Mudcat Café message #3264935 The Mudcat Café TM
Thread #141742   Message #3264935
Posted By: Suffet
28-Nov-11 - 02:25 PM
Thread Name: Occupy Folk Music! (USA)
Subject: RE: Occupy Folk Music! (USA)

I am not talking just about the organizers (program directors, bookers, whatever), but about all the Big Boys and Big Girls of Folk Music who seem to go out of their way to make people feel unwelcome. I hope it is only 1%, but I suspect that it is even more. I also suspect tat their behavior is not intentional, but rather just part of their personalities. And yes, I admit that most of them are both hardworking and unpaid, but that does not excuse them.

Here are several actual examples, all from the USA, that I have either seen myself or have first hand knowledge from the people to whom it has happened.

A young woman just out of college goes to a weekend retreat sponsored by an established folk club. When no one else is making any music, she takes out a penny whistle and starts to play Soldier's Joy. A long-time officer of the club immediately tells her to stop because she is playing the tune in thew wrong key, G instead of D. What a way to make a newcomer feel welcome!

At a different weekend retreat, during an open jam, a singer-guitarist starts to play Hesitation Blues in a major key. One of the leaders with a bigger guitar and louder voice feels he is doing it wrong, and proceeds to drown him out by playing the same song in a minor key.

At yet a different weekend retreat, a banjo player starts to take a seat in the inner circle of an open jam. He is told he cannot sit there because "that seat is reserved for good musicians" and he is instructed to sit in the outer circle.

At a club sponsored pub sing, a woman from the neighborhood who is not a club member comes with a double bowed psaltry and plays a couple of simple tunes the best she knows how. And what does the organizer say? "She should learn her tunes better." The woman got not even a thank you, let alone a comment on what an unusual and fascinating instrument she brought.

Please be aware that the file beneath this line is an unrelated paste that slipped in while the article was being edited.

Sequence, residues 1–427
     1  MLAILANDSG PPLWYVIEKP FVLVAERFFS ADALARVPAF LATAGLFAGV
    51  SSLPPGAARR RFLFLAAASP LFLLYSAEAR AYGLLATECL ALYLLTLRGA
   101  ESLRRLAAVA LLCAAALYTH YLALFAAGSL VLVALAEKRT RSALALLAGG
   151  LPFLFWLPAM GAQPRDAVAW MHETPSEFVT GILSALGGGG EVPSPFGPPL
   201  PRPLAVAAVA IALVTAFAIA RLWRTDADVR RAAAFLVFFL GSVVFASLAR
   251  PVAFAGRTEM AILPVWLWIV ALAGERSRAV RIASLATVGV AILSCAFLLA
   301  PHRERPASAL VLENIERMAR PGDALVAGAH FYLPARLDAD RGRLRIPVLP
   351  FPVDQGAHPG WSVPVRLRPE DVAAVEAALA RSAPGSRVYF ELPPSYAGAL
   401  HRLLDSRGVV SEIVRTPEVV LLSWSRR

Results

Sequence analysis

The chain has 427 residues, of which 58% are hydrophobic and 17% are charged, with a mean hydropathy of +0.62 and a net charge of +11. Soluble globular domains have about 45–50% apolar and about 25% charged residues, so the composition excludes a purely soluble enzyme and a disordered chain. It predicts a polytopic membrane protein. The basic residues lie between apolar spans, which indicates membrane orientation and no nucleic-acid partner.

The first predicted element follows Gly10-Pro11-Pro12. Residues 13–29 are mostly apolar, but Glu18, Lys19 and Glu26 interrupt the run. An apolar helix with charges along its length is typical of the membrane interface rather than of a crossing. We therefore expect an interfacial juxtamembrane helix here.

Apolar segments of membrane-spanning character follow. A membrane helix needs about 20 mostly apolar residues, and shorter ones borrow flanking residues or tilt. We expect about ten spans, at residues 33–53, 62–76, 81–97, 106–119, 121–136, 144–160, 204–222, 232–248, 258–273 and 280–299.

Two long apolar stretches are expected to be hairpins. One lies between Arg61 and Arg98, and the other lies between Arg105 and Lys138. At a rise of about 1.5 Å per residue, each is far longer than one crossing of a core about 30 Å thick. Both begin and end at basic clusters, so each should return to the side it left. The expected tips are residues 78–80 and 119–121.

At a folk society sponsored forum on folk music held in an urban high school with many students in attendance, a speaker talks about how much of the topical and protest music today comes out of the hip-hop genre. The next speaker, a well known folk musician, follows up by saying "You know what I call rap music? I call it crap music." That will surely win over the young ones, won't it?

At another event held in a high school, in a workshop on using music for community outreach, a leader in the folk music community makes a joke about always pronouncing "New Age" so it rhymes with "sewage."

After a mostly traditional folk club presents Joe Jencks, a very accomplished singer-songwriter, a long-time officer of the clubs says, "I would sooner shut the club down than have that kind of music." By the way, no one in the audience complains about Jencks or his music.

A person comes to a folk club for the first time, and mentions that she loves folk music. When asked what kind, she replies, "Oh, stuff like Nanci Griffith, Kate Wolf, and Lauro Nyro." A club officer then tells her, "That's not folk music." I guess the only thing worse would have been if she said she likes Peter, Paul, and Mary or the Kingston Trio.

A woman who has never previously heard Jack Langstaff goes to a talk he is giving. Afterwards she approaches the moderator and asks a few very basic questions. Instead of answering her, the moderator brushes her off saying in a sarcastic tone, "You mean to tell me you don't know who Jack Langstaff is?" (Jack, by the way, is a perfect gentleman and he later answers the woman's questions.)

I hope that behavior like this does not occur in the UK. It is bad enough that it happens in one country.

--- Steve